Thursday 16 April 2015

LVT is inevitable...

I have a little hobby of spotting bits of news about how taxes are getting harder to collect on labour and capital.  A good bit on that is here.

Given things like this you think that Governments would eventually be forced to tax the things that can't be off-shored, like land say.

Either that or you'll get a lot of government hysteria to push for 'global' taxation.  I seem to recall the EU banging on about that.

But overall, I think that some form of LVT is going to arrive.


ThomasBHall said...

I believe we will see a move to higher taxation of housing and land combined- although sadly, I do not believe it will come with any reduction in taxes on labour and trade.
Separating land from buildings is too much an acceptance of land not being the same as other capital/wealth/property- and too close to too many sacred cows to countenance IMHO. Even a global income tax system allows rents to be collected privately.

Bayard said...

Well, the Lib Dems have this to say in their manifesto:

"(They) remain committed to introducing Land Value Tax (LVT), which would replace Business Rates in the longer term and could enable the reduction or abolition of other taxes

Lib Dems to extend the Business Rates review to ensure it considers the implementation of LVT, as well as interim reforms like Site Value Rating that could be completed within five years

Lib Dems to charge Land Registry with completing registration of all substantial land and property holdings in England and Wales by 2020"

If it wasn't for their dismal record on turning manifesto pledges into policy, I might even vote for them. OTOH, the Tories won't find them such a pushover this time.

Mark Wadsworth said...

TBH, because of the maths involved, there is little difference between LVT and a tax based on averaged out value of land and buildings in an area minus a decent exempt band. Would that make them happier?

(Sadly, your point about them not cutting NIC or VAT applies to the current shower).

B, that is wishy-washy to a heroic level. Boo Lib Dems!

Pablo said...

Don't the Greens' have LVT in their manifesto?

Random said...

"Governments would eventually be forced to tax the things that can't be off-shored"
Oh but will they? So much hate for the rich - let them count their coins.
Here's a thought experiment - the govt prints money and hands it to some rich people who save it in offshore bank accounts. Does it effect the real economy much? Not really, if they save it.
Which is why I find it funny lefties 'finance' spending by 'taxing the rich' as printing money would have much the same affect but when you call for this it is 'irresponsible' whereas destroying private savings is 'prudent.'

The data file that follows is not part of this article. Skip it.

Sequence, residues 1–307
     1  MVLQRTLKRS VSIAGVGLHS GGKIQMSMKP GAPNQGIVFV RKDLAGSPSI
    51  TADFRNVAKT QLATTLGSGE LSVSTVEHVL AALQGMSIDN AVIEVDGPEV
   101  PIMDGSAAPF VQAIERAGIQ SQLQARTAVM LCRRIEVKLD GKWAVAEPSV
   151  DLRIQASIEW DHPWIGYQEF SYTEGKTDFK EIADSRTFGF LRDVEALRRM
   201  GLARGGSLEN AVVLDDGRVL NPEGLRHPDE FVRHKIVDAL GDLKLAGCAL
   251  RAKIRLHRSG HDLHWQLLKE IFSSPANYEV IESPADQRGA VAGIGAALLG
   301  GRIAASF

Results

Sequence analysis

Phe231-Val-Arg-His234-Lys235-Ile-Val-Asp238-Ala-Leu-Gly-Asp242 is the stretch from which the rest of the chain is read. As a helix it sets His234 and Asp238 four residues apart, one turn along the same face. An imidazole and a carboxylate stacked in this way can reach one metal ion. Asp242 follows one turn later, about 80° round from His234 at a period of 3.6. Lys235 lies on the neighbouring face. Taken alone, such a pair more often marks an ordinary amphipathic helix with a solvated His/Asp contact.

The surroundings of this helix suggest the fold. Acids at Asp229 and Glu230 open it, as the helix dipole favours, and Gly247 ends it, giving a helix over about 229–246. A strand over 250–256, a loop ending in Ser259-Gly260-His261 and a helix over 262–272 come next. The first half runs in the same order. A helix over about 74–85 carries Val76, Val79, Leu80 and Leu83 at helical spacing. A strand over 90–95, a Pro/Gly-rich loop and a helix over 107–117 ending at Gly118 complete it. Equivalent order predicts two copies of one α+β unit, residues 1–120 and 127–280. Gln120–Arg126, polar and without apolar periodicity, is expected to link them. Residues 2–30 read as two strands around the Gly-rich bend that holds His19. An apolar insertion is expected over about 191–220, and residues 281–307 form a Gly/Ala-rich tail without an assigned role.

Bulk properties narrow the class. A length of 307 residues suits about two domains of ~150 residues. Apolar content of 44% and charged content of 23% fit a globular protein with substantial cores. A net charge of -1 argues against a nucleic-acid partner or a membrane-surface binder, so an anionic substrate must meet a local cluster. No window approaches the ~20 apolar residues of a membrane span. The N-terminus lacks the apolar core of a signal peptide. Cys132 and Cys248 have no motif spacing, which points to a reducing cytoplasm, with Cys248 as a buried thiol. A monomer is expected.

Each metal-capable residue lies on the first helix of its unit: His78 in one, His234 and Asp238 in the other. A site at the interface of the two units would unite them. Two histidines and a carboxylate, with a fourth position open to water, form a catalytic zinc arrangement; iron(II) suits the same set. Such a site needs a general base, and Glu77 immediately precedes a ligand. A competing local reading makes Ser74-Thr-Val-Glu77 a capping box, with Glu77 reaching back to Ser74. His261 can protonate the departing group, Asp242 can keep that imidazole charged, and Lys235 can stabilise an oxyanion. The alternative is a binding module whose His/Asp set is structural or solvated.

The problem is the rich extracting rents through e.g. land and bonds. But we know how to solve that.
Every pound of govt spending comes back as 'taxation.'' To realize this you have to think harder about what taxation really is for. It certainly is not to 'fund' spending. It is to stop spending become inflationary.
Once you realise this you see people voluntary tax themselves - it is called 'saving.' In MMT it is referred to 'voluntary taxation.'
So we get the equation Govt spending = voluntary taxation + compulsory taxation. (Or govt spending = local saving + net imports (foreigners saving) + tax)
Or to put it more neatly govt spending = taxation.
Now we can argue over who gets compulsory taxation and who gets voluntary taxation. But it has nothing to do with public services.
The main power of billionaires (even if they don't know it yet, and if rich people are reading this, then yep) is the ability to spend their billions on real resources and cause inflation. Then govt has to cut spending/raise taxes to stop it. (and extract rents/super profits.)
Once you see things from the MMT point of view it is very clear. For example in developing countries capital controls won't be all that is needed. The govt needs to ban imports of luxury goods as rich people spend money on foreign goods and the exchange rate declines.
There is tons of material on this - Neil Wilson's site on economics displays things very clearly to accountants and he hammers these types of points home. Bill Mitchell's blog is good as well.

Lola said...

R. Well, yes-ish. But I really think that by implication you mis-define inflation and that leads to further errors.